Tomorrow is Thanksgiving in America. Every year for the last nine years, J and I have sat at a table loaded with food that I've prepared, glasses raised and told what we're each thankful for. Tomorrow will be no different. My list always has the big three: Him. The roof over my head. The food we are about to partake.
I’m thankful for my friends and chosen family that love me for me. They support me in ways they will never know.
I’m thankful for my family for showing me how not to do things and for pushing me to be more.
I’m thankful for my job that affords me food and shelter, transportation, benefits, vacation time, spending cash.
I’m thankful for my doctors, my medical insurance, modern medicine.
I'm thankful for every step that got me here because if it weren't for those steps, I wouldn't be here now.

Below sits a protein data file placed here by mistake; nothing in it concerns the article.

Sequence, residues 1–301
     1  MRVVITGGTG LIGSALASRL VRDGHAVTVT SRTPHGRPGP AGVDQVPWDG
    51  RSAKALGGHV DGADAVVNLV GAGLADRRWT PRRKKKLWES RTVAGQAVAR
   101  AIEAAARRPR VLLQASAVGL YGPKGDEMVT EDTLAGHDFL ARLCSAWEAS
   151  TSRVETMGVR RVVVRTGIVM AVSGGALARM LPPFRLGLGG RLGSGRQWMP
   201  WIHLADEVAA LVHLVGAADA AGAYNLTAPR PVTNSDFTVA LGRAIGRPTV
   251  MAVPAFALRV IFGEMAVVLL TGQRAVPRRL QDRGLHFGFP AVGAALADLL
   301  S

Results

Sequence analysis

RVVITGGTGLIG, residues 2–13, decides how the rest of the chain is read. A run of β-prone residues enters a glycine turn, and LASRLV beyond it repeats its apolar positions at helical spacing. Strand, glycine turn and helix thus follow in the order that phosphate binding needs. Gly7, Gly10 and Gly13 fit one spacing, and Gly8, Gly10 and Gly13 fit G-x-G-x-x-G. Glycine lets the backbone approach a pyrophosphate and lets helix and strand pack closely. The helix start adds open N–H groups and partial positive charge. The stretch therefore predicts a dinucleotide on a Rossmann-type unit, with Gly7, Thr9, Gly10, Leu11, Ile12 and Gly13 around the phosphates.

There is no "voting topic" this week, BUT there is a Free Topic. Anyone can write an entry (yes, YOU can). The topic is The Giving of Thanks. Once you've written a post on this topic, just post a link to your entry here.
Thank you for your support last week. I remain in tribe rm.
ETA: The poll went up late Friday night due to LJ outages earlier in the week. The poll will close on Tuesday at 1 pm EST.
Subtitle: If ibuprofen were chocolate-coated.
Seven months ago, at the age of thirty-one, mostly on a whim, I decided to get braces. Orthodontia. Metal mouth. Brace face.
I’ve always had trouble with my teeth. They all came in crooked, but thankfully all the front ones mostly straightened out by the time I was fifteen. They were crowded. I never flossed. My family couldn’t afford regular dentist trips much less braces. At 21, with my first full-time job with benefits, I went off to the dentist. My first cleaning took two visits. I love my dentist. He’s warm and kind and no-pressure. He asked if I wanted to have my wisdom teeth out, I said “No thank you”. He said, “You’ll be asking in a few years.” Well, in a few years, I was asking. He asked if I wanted to be referred to an orthodontist. I said, “No thank you”. He said, “You’ll be asking a few years”. In a few years, I was asking.